Together with 100,000 soldiers, nearly half a million refugees crossed the Elbe at Tangenmünde. Most of these people were then driven back to the Soviet occupation zone in accordance with the agreements that the Allies had made among themselves.

Busse had stopped answering the radio, but the command’s surveillance planes had discovered that his army was heading directly west—not toward Berlin.

“The commander expects the armies to do their duty!” So sounded the bitter message from the Commander’s Barracks in Berlin.

“History will remember with contempt any man who, under these circumstances, does not do his utmost to save the fatherland and the Commander.”

But this blew Busse’s ears like nothing else.

While Wenck tried to escape as many soldiers and civilians as possible south of Berlin, Heinricis’ army was on its way to meet the British forces in the north.

Hitler was unsuspecting of the fraud because Heinrici was now caught sending him false messages that he still held his position.

“I can no longer take the responsibility of carrying out these insane suicide orders,” explained Heinrici. “Not so much as one more German soldier will be sacrificed for no reason.”

I am responsible to my men, the nation and higher powers than Hitler.”

The betrayal was not discovered until April 28, when the head of the Military Council himself, Keitel, appeared furious at Heinricis’ camp.

His closest colleagues feared for his life and waited in hiding with machine guns in their hands during the meeting.

If things went wrong, they were ready to shoot Keitel and his men to shreds.

As a warning to the public, signs were hung around the necks of those executed: “I worked with the Bolsheviks!”.

The SS issued many thousands of death sentences

In 1945, Hitler became increasingly desperate and used every means to force the German soldiers to fight on.

He had guards posted on all roads from the front and they were to arrest anyone who went in the wrong direction without good reason.

“Military justice should apply the most severe punishments based on the principle that those who fear an honorable death in battle deserve the death of a coward,” said the commander’s directive.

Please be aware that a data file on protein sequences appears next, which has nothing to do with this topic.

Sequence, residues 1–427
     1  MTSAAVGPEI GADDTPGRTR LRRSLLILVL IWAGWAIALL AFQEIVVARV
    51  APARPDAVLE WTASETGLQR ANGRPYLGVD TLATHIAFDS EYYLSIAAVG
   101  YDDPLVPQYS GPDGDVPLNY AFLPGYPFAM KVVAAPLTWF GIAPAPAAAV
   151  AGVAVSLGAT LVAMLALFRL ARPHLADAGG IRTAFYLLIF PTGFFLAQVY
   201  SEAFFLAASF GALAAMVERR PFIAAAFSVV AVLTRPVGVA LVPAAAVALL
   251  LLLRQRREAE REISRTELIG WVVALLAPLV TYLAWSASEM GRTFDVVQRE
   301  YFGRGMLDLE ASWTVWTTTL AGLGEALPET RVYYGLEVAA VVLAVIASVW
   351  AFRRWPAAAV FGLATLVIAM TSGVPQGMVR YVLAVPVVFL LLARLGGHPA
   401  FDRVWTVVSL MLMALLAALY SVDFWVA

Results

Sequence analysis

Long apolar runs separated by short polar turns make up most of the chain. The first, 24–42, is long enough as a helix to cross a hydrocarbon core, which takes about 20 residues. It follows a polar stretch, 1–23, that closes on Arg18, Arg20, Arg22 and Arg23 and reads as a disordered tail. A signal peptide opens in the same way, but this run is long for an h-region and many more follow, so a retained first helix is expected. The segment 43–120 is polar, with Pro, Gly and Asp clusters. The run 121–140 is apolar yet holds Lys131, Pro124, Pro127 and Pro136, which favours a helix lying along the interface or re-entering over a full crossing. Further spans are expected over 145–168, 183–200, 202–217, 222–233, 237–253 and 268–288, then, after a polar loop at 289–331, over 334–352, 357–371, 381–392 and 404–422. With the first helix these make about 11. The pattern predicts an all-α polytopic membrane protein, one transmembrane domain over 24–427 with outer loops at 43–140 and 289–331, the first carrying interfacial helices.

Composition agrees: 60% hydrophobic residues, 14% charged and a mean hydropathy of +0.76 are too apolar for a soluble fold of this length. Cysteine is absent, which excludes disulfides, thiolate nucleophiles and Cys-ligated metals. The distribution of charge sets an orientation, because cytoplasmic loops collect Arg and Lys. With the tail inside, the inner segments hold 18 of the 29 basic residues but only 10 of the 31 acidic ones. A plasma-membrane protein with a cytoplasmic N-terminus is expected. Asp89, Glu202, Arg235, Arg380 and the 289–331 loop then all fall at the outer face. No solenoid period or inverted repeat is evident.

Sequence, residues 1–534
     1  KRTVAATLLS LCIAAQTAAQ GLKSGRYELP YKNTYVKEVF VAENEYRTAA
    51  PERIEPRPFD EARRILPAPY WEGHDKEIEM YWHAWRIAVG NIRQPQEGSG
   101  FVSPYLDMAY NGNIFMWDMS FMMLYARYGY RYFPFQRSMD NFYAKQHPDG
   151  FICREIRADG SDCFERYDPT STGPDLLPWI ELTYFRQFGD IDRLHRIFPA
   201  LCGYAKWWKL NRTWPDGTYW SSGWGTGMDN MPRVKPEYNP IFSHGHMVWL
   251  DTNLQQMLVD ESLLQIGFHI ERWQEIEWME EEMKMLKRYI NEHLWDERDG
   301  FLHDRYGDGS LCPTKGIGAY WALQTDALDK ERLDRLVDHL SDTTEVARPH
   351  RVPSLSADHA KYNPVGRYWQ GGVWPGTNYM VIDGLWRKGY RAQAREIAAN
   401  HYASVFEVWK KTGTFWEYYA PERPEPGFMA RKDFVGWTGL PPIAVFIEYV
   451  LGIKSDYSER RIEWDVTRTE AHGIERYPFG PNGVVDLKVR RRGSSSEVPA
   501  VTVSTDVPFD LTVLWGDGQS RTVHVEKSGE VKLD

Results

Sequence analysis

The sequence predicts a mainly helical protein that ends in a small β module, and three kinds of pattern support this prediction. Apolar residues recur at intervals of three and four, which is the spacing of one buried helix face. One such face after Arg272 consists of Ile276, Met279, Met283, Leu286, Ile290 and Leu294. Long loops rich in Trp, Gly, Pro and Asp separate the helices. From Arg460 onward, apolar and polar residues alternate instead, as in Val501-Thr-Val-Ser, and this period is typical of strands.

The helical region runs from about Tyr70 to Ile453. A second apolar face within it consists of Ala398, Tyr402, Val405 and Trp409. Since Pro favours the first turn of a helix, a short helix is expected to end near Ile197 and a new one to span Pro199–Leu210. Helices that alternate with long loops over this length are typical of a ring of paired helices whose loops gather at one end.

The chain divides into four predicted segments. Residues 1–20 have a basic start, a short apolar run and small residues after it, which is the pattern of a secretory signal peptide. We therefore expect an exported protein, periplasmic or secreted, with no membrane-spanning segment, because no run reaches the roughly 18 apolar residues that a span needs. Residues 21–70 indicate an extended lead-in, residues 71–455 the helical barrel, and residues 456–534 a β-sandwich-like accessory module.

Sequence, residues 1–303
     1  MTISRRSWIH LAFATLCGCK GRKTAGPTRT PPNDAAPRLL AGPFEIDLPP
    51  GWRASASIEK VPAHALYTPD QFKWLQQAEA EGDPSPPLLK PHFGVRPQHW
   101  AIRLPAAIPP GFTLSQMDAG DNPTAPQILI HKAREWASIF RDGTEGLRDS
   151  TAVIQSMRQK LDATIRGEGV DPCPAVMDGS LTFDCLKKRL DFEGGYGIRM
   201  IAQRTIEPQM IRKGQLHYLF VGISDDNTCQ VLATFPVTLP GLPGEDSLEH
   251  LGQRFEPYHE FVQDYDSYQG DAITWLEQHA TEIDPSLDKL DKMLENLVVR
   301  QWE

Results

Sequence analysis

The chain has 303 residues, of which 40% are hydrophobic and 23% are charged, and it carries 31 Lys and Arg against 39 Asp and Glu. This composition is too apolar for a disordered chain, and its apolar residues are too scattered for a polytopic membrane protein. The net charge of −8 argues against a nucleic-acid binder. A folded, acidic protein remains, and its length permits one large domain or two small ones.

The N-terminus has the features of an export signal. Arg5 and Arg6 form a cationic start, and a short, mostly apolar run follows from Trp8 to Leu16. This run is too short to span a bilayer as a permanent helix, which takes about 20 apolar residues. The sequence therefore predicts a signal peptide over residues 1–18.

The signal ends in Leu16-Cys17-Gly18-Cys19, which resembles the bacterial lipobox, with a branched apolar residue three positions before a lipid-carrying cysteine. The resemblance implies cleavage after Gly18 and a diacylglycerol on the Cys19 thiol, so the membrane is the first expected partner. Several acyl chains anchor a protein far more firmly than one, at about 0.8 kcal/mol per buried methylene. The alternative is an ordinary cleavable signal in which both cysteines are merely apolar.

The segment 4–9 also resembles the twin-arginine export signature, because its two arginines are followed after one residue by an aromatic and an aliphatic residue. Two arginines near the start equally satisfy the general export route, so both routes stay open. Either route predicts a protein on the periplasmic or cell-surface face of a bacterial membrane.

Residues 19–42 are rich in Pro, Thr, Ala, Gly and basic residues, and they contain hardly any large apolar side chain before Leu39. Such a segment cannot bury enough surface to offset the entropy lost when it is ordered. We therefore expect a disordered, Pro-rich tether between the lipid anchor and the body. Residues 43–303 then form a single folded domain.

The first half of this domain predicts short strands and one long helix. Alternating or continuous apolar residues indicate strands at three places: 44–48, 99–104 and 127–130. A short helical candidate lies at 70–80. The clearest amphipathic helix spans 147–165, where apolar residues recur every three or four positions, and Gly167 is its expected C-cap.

In March 1945, he ordered a “speed trial” with three army officers as judges, clerks to handle the paperwork, and then a firing squad.

Convicted had no right of appeal. When the German army began to collapse in April, the hard Nazis themselves began to execute anyone who did not show the right fighting spirit.

15,000 German soldiers were executed as deserters and another 50,000 were sentenced to death for minor oversights, such as disobedience.

Hitler committed suicide

But Keitel contented himself with stripping Heinric of the rank of general and ordering him to appear at the Command Barracks the next day to explain his case to Hitler.

In the barracks, the Commander restlessly paced back and forth, waiting for the 12th Army:

“What happened to Wenck?” he asked.

The next day, Heinrici got into his car but did not head for Berlin. He wanted to get to Schleswig-Holstein, but his soldiers surrendered to the British.

Hitler committed suicide on April 30, but the war continued. The remnants of the 9th Army marched on until the vanguard spotted the familiar helmets and tanks in front of them on 1 May.

“We came upon German soldiers,” said Panzer Sergeant Wolfgang Faust. “They signaled us to move on and said the 12th Army was close behind.

It is not known how many soldiers Busse had left. Historians have guessed anywhere from 5,000 to 25,000. But these soldiers reached the 12th Army and then to Elba.

Transfers across the ill-fated bridge overhangs began on May 4, and according to Wenck’s calculations, more than 100,000 troops and 400,000 civilians made it west across the river where the troops surrendered to the Americans.

SS General Steiner surrendered to the British.

The revolt of the generals had succeeded. In the last moments of the war, they had managed to save their soldiers from Stalin’s wrath. However, the uprising came too late.

Due to the obedience of German generals, millions of German soldiers lost their lives and the rain of Allied bombs had left the country in ruins.